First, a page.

COVINGTON—District Attorney Warren Montgomery presented special awards Wednesday (Oct. 7) to District Judge Peter J. Garcia and the National Alliance on Mental Illness (NAMI) St. Tammany for their work on behalf of people with mental illness in the criminal justice system.
The awards presentations were the highlight of an afternoon reception Montgomery hosted on the third floor of the courthouse in recognition of National Recovery Month (September) and Mental Illness Awareness Week (Oct. 4-Oct.10).
“We’re really here talking about what we as a community can do with the intersection of mental illness and substance abuse in the criminal justice system,” Montgomery told the crowd of attorneys, social workers, health care providers, mental health advocates, law enforcement officers, and political leaders assembled on the third floor of the courthouse. “We’re trying to solve problems.”
National studies have shown that the vast majority of incarcerated men and women throughout the country (about 85 percent) have substance abuse issues, about half of them suffer from some form of mental illness, and 30 percent have co-occurring mental illness and substance abuse issues.
“The criminal justice system cannot simply turn its head and look the other way,” said Master of Ceremonies Tony LeMon, Chief of the Civil Division in the District Attorney’s Office.
Montgomery praised Judge Garcia for his vision in helping to create the 22nd Judicial District’s Behavioral Health Court. The court, which began operating in 2011, directs participating defendants who have a pre-diagnosed mental illness to various community resources offering the help they need. Judge Garcia and a team of mental health providers, social workers, advocates, attorneys, and social workers then monitor the progress of each participating defendant. The participants can avoid jail as long as they cooperate and stay on the road to recovery.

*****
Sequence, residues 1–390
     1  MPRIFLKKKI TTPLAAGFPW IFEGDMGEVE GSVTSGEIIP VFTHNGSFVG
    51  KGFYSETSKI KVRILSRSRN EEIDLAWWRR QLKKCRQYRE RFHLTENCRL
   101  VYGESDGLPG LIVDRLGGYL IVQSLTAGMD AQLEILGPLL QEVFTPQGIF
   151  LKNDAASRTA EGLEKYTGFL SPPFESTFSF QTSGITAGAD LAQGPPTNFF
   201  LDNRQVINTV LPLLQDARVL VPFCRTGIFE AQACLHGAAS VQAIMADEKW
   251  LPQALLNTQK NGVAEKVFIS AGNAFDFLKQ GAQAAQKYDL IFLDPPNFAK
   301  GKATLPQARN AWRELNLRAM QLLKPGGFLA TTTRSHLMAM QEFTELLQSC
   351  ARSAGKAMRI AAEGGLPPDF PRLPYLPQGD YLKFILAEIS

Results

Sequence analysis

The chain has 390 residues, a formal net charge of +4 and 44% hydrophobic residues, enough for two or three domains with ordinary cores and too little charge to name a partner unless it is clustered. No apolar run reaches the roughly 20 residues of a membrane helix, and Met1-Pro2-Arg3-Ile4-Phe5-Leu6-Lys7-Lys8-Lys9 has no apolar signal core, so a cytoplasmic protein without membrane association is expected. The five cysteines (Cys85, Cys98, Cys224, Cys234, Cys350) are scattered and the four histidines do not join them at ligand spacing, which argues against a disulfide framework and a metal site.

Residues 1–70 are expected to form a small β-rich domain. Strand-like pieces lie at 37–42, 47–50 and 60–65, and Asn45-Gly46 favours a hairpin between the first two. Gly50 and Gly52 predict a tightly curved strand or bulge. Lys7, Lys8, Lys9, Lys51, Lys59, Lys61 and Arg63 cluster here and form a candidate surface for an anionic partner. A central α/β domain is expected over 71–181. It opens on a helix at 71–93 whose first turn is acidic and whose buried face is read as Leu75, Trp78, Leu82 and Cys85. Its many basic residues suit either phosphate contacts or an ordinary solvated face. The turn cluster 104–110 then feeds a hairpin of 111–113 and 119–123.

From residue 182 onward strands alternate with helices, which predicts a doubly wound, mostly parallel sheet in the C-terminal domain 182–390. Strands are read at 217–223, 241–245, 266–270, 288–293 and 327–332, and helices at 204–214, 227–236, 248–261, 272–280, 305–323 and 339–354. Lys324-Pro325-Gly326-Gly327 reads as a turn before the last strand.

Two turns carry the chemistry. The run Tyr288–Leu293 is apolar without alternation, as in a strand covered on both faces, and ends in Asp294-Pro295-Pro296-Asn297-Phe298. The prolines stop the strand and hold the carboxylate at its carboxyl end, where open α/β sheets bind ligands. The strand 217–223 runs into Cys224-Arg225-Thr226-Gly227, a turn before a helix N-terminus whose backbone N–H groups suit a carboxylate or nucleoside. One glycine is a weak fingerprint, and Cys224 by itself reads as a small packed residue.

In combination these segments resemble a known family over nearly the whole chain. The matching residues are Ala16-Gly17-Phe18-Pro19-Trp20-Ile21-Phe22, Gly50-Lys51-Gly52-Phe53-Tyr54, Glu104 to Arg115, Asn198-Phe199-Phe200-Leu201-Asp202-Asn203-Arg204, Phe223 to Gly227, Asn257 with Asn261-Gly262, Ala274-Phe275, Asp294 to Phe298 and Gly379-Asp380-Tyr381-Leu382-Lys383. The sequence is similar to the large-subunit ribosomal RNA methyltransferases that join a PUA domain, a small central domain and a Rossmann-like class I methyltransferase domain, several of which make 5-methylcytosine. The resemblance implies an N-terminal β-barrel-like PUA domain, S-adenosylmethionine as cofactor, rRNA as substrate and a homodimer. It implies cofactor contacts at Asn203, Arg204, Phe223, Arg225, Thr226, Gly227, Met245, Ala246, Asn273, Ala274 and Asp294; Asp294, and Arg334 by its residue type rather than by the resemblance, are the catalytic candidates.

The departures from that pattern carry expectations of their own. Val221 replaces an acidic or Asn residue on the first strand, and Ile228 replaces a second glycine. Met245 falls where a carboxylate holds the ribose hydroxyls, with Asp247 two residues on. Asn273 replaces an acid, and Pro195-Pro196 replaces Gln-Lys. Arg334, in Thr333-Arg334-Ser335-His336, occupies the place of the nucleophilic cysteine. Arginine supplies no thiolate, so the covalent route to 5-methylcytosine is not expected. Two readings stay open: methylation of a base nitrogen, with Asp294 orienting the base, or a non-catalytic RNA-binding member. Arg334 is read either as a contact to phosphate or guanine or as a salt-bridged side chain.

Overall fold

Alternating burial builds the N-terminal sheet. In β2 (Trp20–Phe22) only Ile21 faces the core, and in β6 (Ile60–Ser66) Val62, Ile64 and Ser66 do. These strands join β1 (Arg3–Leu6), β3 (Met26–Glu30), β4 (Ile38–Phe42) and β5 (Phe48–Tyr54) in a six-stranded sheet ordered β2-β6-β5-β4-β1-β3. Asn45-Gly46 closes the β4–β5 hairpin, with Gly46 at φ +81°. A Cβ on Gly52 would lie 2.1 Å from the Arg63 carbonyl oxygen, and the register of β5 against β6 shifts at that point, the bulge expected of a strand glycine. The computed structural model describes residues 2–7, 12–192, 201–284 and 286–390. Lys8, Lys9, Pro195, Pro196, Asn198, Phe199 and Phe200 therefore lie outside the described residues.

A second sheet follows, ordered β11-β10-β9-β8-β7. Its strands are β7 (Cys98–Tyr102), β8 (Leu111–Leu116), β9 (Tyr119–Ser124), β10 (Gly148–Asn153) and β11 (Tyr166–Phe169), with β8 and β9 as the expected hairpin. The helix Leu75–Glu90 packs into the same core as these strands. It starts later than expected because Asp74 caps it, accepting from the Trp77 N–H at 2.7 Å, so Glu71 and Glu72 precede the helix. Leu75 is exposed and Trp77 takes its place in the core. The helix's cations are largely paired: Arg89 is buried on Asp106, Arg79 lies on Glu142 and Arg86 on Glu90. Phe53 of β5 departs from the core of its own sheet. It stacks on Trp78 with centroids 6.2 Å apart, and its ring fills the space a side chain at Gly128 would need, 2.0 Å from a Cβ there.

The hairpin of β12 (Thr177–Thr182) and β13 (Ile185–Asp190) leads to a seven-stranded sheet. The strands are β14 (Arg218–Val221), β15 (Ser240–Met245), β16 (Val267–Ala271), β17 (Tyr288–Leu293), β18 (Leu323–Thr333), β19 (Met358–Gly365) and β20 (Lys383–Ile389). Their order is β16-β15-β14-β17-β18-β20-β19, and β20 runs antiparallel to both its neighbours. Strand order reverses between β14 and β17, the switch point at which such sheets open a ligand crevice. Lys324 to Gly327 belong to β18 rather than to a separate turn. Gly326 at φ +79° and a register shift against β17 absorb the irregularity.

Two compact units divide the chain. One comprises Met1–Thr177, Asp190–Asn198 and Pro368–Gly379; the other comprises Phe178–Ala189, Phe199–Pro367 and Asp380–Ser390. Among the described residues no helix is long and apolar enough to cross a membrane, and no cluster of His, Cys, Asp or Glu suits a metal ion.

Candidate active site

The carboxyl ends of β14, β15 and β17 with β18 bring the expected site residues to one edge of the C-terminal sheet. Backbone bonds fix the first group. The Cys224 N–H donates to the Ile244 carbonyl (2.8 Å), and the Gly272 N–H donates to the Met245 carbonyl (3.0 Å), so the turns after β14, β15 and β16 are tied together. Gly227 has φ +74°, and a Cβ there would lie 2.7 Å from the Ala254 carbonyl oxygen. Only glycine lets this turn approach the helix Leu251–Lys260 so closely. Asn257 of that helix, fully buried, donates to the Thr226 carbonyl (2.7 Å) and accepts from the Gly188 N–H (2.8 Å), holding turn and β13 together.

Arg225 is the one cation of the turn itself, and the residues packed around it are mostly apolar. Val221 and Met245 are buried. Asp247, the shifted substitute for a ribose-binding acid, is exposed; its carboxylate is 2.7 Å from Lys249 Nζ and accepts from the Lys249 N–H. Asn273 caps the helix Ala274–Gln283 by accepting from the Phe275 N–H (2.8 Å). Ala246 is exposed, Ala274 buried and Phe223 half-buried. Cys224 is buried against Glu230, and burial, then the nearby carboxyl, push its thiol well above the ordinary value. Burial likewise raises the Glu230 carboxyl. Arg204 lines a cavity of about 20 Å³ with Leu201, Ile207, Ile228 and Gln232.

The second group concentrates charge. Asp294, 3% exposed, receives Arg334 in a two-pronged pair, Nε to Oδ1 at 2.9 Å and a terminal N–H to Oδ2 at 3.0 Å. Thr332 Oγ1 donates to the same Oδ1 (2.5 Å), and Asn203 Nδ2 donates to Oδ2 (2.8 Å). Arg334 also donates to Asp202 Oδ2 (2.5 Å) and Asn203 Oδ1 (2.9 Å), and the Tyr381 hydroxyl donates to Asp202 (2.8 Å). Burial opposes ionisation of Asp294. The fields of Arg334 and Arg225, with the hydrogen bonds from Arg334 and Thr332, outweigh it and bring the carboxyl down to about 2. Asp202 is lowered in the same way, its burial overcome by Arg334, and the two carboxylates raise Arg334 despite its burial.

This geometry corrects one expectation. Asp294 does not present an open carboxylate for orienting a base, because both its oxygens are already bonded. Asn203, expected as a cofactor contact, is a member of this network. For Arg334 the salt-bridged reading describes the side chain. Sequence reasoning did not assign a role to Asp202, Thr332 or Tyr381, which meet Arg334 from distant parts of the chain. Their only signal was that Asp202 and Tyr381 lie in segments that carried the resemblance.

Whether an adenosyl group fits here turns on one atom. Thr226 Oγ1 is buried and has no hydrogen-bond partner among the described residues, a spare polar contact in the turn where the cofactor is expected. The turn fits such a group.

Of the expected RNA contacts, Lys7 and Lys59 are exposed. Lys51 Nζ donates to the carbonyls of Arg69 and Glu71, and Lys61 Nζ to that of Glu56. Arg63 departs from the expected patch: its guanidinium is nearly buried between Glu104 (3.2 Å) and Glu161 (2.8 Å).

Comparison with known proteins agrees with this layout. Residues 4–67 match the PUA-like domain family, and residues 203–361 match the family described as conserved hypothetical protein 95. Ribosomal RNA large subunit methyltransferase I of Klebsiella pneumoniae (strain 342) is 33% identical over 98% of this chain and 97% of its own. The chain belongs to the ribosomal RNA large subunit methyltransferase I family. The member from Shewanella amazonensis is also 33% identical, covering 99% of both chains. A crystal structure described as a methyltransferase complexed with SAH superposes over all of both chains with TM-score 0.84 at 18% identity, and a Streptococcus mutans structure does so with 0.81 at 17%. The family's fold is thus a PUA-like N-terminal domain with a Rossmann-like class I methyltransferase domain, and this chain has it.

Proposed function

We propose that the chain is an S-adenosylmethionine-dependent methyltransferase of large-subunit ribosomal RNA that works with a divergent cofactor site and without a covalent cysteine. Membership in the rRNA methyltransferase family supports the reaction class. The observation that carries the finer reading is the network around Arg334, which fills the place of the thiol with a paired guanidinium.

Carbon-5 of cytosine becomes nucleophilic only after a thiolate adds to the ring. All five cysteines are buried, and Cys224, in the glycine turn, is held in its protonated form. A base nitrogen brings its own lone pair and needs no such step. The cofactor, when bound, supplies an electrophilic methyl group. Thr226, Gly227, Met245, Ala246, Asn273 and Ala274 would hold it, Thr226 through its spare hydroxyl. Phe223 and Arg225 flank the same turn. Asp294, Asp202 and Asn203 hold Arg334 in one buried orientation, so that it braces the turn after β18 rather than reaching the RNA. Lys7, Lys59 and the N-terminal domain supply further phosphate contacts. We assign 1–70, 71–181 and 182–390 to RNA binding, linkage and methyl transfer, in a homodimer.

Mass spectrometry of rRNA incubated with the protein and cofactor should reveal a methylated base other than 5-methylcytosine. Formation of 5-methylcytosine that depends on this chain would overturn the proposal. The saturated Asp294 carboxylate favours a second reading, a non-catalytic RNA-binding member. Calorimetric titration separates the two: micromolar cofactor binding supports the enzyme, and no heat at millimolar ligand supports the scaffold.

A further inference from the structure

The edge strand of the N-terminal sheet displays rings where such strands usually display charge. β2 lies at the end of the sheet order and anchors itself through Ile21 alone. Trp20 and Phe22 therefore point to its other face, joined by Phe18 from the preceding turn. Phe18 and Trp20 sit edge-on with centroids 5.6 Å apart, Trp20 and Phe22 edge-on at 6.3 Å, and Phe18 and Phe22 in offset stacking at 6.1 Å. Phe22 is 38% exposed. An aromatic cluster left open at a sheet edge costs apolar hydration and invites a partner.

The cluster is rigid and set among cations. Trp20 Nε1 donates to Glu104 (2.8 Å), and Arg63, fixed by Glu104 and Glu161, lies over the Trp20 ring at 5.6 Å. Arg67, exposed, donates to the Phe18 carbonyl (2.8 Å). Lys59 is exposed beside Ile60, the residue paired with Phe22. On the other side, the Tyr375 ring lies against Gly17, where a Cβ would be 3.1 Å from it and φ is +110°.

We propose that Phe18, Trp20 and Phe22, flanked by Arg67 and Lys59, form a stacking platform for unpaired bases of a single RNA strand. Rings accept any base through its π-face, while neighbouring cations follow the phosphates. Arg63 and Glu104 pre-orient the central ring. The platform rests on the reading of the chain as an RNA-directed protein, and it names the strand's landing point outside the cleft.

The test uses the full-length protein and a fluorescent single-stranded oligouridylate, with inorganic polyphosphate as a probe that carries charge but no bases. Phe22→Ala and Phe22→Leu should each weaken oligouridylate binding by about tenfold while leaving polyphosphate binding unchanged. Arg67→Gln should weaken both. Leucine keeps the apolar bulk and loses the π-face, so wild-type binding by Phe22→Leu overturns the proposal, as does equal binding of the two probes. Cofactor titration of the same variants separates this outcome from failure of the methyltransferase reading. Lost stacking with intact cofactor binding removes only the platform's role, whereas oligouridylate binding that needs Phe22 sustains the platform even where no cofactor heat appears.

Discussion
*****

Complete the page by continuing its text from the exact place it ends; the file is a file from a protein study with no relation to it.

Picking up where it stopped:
Behavioral Health Court is one of several problem-solving courts in the district, which covers St. Tammany and Washington parishes. The specialty courts include three sections of Adult Drug Court, a new Juvenile Drug Court, Sobriety Court, Re-entry Court, and Family Reunification Court. The presiding judges voluntarily take on the extra duties on top of their regular dockets.
“We don’t like being in this position,” Garcia said during his remarks. “But we’re put here and have to deal with what we have.”
What exists is a parish where 40,000 people are living with various forms of mental illness—8,500 of them with serious mental illness, Garcia said of St. Tammany. At the same time, St. Tammany has the highest rate of incarceration in the state (954 inmates per 100,000 adult residents). “You can attribute whatever you want to that, but a lot of it has to do with mental illness,” Garcia said.
NAMI St. Tammany provides case management for Behavioral Health Court and leads the way for advocacy on mental health issues in the region. Without the organization, St. Tammany would not have made the major progress it has on addressing the issue, Montgomery said in presenting the award to Executive Director Nick Richard.
Richard said he was impressed by the cross-section of people in the room. In addition to Montgomery, the public officials who attended included Parish President Pat Brister, Sheriff Jack Strain, District Judges Allison H. Penzato and Scott C. Gardner, as well as West St. Tammany Chamber of Commerce Executive Director Lacey Toledano.
“We are so fortunate as a community to have such supportive people in our judicial system, law enforcement, parish government and the District Attorney’s Office, all working together in a coordinated effort to improve the lives of those living with mental illness,” Richard said. “This is really a credit to all of the leaders in our community here in St. Tammany Parish.”
The reception program also featured an invocation by Pastor Lawrence Weathersby of Living the Word International Church in Slidell and a solo by retired music teacher Hazel Bagent of Bogalusa.